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Thomas R. Hackett (1852-1935)


Posted By: Karon Velau (email)
Date: 9/24/2022 at 10:49:49

Thomas Rex Hackett
(December 25, 1852 August 30, 1935)

Thomas R. Hackett is one of the most painstaking, careful and reliable engineers in the service of the Chicago & Northwestern
Railroad Company in Iowa. He makes his home in Lake City, where he is both widely and favorably known, while in his chosen vocation his efficiency and fidelity have gained for him the respect and confidence of those whom he serves. Mr. Hackett is a native of Jefferson County, Ohio, his birth having occurred near Steubenville, December 25, 1852, his parents being William and Clara (Marker) Hackett. His father was born in Leicestershire, England, June 16, 1815, the day on which the battle of Waterloo was fought. His wife
was a native of Somerset County, Pennsylvania. It was about 1845 that William Hackett crossed the Atlantic from England, taking up his abode in Ohio, where he remained for ten years, when he removed to
Illinois, taking up his abode near Forreston, Ogle County, where he followed farming. He was not long permitted to enjoy his new home, however, for his death occurred March 17, 1864. His wife, long surviving him, passed away on the 7th of February, 1898, at the age of seventy-two years. In their family were six children: Thomas R.,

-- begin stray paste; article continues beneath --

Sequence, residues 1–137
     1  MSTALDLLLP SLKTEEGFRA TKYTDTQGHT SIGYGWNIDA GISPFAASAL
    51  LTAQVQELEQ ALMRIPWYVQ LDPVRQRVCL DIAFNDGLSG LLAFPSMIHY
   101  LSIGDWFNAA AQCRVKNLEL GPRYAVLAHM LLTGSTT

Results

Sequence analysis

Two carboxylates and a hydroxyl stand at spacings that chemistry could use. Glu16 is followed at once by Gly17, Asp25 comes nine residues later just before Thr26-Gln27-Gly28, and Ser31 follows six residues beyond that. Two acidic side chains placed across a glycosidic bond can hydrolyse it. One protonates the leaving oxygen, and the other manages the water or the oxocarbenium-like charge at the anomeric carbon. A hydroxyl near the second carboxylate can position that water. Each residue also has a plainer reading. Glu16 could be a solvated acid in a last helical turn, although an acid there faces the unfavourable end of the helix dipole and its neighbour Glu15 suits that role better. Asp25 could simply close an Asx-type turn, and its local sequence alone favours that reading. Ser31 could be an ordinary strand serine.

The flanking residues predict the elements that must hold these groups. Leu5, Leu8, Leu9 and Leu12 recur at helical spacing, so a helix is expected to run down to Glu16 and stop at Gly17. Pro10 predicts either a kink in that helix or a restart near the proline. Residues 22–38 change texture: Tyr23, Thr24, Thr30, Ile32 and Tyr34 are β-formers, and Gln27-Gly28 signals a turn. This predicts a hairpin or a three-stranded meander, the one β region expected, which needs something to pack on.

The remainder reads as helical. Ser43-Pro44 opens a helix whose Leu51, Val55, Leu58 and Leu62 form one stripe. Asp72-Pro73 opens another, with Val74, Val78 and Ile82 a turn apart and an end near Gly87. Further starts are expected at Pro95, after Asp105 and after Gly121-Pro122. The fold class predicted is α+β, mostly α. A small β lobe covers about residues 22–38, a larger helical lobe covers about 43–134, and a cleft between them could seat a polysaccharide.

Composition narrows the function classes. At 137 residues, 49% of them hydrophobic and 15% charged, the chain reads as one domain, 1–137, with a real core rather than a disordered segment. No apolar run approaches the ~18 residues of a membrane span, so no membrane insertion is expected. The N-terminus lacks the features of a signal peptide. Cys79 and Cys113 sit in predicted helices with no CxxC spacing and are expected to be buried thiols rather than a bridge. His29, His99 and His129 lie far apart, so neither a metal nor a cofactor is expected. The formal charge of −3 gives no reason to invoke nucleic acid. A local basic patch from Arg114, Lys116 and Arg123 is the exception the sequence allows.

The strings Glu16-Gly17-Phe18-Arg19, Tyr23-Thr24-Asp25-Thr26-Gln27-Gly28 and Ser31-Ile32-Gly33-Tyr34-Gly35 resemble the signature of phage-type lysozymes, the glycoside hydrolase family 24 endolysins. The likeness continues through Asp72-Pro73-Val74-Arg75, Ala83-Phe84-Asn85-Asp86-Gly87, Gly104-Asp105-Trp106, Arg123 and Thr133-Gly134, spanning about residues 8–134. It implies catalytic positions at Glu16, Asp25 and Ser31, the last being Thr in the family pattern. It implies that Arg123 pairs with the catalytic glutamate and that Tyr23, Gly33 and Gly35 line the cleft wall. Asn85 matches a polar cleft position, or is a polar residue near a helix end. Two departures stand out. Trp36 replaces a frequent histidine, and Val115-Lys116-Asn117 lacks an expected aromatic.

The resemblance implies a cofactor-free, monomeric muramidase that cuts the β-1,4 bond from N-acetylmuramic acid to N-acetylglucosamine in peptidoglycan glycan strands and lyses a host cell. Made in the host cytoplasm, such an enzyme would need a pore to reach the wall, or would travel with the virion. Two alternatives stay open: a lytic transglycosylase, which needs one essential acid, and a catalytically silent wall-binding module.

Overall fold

an engineer residing in Lake City; Mary, of Onawa, Iowa; George, deceased; Lemuel, of St. Paul, Minnesota; and Ralph and Addie, who are residents of Onawa. Thomas Hackett acquired his early education in Richmond, Ohio, and after the removal of the family to Illinois he continued his studies in Ogle County. He spent his early life on the farm, assisting in the work of field and meadow, and later he
went to Savannah, where he secured a position as engine wiper in 1869, being in the employ of the Western Union Railroad Company. In 1870 he went to Newton, Kansas, and until 1873 was a cowboy on the plains of Kansas, Texas, New Mexico and Colorado. While thus engaged he went through many exciting experiences. He was in several
skirmishes with the Indians and was five times shot by them. He was also engaged in skirmishes with white men disguised as Indians for the purpose of stealing cattle from the ranchmen, avoiding capture on account of their masquerading as red men. Mr. Hackett was in Newton, Kansas, at the time of the great riot when seven people were killed in a fight between gamblers and cowboys, in which the latter were victorious. He visited Pueblo, Colorado, when it
contained but one building, and went to Wichita when there were only five dwellings in that now populous city. He has killed
a number of buffaloes on the plains, killing four on one river with an old Colt's revolver, which he still has in his possession.
In the fall of 1873 Mr. Hackett returned to Illinois and engaged in farming in Ogle County for two years. Later he turned his
attention to the real estate business, which he carried on until 1878 the year of his arrival in Iowa. Taking up his abode in